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Managing Resistance in Organizational Change

The Management of Resistance to Organizational Change by Faye Loretta Smith, Clemson University

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Managing Resistance in Organizational Change

  1. 1. The management of resistance to organizational change<br />Faye Loretta Smith<br />Clemson University <br />
  2. 2. Agenda<br />Introduction<br />Kurt Lewin<br />Reasons for Resistance<br />Ten Causes for Resistance<br />Overcoming Resistance<br />Summary<br />.<br />
  3. 3. introduction<br />Resistance -“Employee behavior that seeks to challenge, disrupt, or invert prevailing assumptions, discourses, and power relations.” <br />Most business leaders are intimidated by change and the resistance it brings within the organization because they do not understand how to gain information from and overcome resistance. <br />
  4. 4. Albert einstein<br />“The significant problems <br />we face <br />cannot be solved <br />at the same level of thinking we were at<br /> when we created them.”<br />
  5. 5. Organizational Development<br />Many a chief executive officer has discouraged change because they do not understand the dynamics and need guidance to counteract resistance in their organizations. <br />
  6. 6. Kurt lewin<br />Developed one of the first models of change which is characterized as a three-stage process.<br />1st Stage “Unfreezing" -This stage involved overcoming apathy and disassembling the existing "mind set". Employee security systems must be evaded. <br />2nd Stage Change occurs. During this period there is generally a time of bewilderment and evolution. During this period the early customs are being challenged but there is not a clear understanding of what they will be replacing with up till now.<br />3rd Stage “Freezing". The pristine mindset is developing and the resister’s comfort level is restored to the prior echelon.<br />
  7. 7. Reasons for resistance<br />Inertia due to apathy because they are comfortable with the present systems. They have no incentive to change or consider it a big threat not to change. <br />Mistrust for the people facilitating change, which is an obstruction to the “unfreezing” process. <br />Lack of information due to inadequate communication about the need for change as well as what the effects of the change will be like. This factor will be a very powerful force. <br />Lack of clarity because the employees don’t have a clear understanding of the organizational goal with the change. <br />Lack of capabilities which is due to employees doubting their ability to contribute to the needed change. They may resist the change even if they agree that the change is actually needed because they don’t feel they will have a contribution. <br />Lack of sufficient incentive because the employee perception is that there will be more negative consequences than positive with the impending change. (Hitt, Black, & Porter 2005).<br />
  8. 8. 10 causes of resistance<br />Although emotion is a huge part of resistance, it is also a result from logical thinking. A.J. Shuler points out the following top ten reasons why employees resist change<br />The risk of change is seen as greater than the risk of standing still.<br />People feel connected to other people who are identified with the old way.<br />People have no role models for the new activity.<br />People fear they lack the competencies to change.<br />People feel overloaded and overwhelmed.<br />People have a healthy skepticism and want to be sure new ideas are sound.<br />People fear hidden agendas among would be reformers.<br />People feel the proposed change threatens their notions of themselves<br />People anticipate the loss of status or quality of life.<br />People genuinely believe that the proposed change is a bad idea.<br />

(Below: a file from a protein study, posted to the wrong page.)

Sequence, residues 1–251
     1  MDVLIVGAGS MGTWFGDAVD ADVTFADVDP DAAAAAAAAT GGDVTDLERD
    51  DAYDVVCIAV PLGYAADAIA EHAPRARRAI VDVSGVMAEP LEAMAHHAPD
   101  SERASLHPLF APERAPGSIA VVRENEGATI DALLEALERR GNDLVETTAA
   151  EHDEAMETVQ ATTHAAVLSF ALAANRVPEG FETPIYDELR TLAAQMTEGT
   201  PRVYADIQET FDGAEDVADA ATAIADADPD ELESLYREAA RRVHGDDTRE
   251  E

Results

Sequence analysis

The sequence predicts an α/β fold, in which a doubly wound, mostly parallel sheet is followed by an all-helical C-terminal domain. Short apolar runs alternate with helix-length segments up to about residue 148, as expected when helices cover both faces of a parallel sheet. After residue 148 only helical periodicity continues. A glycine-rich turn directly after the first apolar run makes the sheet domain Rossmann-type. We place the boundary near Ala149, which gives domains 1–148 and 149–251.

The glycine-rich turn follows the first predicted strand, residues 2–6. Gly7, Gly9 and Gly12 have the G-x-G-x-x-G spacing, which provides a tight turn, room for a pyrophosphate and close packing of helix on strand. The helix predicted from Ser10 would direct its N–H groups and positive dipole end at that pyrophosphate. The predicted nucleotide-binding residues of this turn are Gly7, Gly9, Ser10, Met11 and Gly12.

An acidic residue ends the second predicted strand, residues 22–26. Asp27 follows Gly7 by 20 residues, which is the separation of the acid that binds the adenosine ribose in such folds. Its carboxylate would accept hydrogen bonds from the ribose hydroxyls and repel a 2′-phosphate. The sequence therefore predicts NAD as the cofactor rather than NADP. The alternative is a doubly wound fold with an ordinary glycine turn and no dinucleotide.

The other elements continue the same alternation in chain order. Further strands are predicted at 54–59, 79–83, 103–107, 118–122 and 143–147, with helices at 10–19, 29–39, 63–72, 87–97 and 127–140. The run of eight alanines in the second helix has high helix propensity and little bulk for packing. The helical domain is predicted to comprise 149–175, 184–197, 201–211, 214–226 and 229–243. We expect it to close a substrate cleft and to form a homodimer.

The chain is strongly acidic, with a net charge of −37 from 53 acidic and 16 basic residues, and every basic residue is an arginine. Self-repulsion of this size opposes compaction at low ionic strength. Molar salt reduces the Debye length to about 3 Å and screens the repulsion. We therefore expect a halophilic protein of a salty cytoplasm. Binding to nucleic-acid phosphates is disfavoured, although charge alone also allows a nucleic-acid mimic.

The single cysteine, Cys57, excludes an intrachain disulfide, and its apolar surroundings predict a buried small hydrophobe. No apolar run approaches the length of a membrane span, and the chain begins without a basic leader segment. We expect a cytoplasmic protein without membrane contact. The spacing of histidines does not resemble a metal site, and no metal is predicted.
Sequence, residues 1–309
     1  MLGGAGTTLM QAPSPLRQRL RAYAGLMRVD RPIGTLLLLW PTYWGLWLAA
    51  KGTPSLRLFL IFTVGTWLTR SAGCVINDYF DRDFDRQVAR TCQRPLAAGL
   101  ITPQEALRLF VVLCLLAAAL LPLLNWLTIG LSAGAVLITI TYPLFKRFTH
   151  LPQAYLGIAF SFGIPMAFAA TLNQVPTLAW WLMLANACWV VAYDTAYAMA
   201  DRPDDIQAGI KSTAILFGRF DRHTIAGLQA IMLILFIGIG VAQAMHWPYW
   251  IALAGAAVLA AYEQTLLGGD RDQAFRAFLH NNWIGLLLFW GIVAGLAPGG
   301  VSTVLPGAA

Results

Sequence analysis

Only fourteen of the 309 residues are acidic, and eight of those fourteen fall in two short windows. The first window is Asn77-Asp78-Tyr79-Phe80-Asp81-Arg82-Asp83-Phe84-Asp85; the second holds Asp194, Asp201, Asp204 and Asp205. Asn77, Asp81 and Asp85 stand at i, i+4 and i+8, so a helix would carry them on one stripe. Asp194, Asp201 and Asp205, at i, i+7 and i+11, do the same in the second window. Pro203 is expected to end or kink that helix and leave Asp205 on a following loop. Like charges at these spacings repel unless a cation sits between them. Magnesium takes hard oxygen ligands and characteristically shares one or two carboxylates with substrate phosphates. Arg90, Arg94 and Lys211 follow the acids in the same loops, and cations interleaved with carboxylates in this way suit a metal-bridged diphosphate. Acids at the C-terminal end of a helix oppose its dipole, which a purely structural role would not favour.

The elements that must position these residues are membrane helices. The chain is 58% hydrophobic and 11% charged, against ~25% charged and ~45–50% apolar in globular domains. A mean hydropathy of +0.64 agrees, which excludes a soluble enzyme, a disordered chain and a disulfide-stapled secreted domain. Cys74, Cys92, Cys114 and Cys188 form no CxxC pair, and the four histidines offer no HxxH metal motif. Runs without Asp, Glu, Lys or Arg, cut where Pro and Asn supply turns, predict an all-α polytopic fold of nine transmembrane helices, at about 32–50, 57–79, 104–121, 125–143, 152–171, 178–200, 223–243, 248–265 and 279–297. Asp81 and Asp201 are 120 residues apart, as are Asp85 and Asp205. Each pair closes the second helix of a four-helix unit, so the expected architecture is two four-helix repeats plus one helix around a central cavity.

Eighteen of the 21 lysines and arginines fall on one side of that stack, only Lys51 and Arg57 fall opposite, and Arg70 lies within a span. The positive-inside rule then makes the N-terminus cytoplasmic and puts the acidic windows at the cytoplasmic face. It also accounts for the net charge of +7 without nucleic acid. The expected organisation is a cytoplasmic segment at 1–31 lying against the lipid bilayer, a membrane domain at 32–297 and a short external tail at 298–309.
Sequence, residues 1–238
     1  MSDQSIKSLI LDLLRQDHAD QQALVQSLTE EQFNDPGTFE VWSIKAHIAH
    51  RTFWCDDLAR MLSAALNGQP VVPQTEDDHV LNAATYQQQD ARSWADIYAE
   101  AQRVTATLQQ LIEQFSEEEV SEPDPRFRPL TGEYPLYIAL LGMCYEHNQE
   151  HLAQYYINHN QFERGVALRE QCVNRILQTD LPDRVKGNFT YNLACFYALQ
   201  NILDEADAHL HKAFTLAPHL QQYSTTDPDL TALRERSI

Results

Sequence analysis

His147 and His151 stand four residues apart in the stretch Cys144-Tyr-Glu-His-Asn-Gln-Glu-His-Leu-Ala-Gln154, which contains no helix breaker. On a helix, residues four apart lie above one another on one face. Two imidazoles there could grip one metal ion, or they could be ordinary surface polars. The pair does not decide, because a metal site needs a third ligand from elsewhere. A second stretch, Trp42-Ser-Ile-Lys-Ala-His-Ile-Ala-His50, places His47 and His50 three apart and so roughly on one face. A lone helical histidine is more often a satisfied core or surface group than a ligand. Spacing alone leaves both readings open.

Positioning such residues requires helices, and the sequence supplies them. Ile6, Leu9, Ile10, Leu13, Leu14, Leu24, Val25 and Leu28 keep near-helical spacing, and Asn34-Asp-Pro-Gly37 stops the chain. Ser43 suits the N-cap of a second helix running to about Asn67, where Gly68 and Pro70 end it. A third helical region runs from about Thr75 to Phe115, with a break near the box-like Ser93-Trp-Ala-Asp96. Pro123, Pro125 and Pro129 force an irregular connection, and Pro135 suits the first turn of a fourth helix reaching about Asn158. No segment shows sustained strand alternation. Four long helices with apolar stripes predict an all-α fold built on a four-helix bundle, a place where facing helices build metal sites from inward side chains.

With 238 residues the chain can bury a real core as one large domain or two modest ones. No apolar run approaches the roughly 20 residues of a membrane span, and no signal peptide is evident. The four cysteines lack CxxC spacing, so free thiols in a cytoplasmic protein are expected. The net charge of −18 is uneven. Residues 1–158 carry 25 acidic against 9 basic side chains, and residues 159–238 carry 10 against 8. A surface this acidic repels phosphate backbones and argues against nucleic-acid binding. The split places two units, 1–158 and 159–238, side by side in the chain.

9. 9. Overcoming resistance<br />Facilitation -Through working with employees and assisting them to achieve their goals which are also aligned with organizational goals.<br />Education - Help employees realize the reason the change is needed and what is required from them. Provide them with development in cases where new skills are required.<br />Involvement - Get employees involved so they can get their hands muddy and then they will realize the mud is not as bad as they thought. This is self-justification that the organizational change is actually a positive direction.<br />Negotiation -When an employee is not easily persuaded, have a discussion and find out what they are looking for and what they will not consider. Negotiate a mutual solution for the employee as well as yourself, the practitioner.<br />Manipulation -Control employee environment to the point where they are influenced by their surroundings. Only use this when change is needed quickly and there are no other alternatives<br /> Coercion - This is extreme manipulation and should be considered only when time is of the essence and they have exhibited damaging actions in public which may be damaging to the organizational goals.<br />
  10. 10. Summary<br />Change is nothing new, but the pace and the enormity of change that businesses face today can make it difficult to keep everyone and everything moving ahead together. <br />Resistance is a powerful tool. <br />By utilizing these approaches, the appreciation employees give to the former ways of operation diminish. <br />By demonstrating their glitches and providing a comprehensive description of the new plans that will replace the outdated ones, the practitioner gains the employee confidence <br />People hate being controlled, which is why 70 percent of all corporate change efforts fail. <br />By surfacing disagreement, it allows employees the opportunity to make changes and be held accountable. <br />
  11. 11. questions<br />Thank You!!!<br />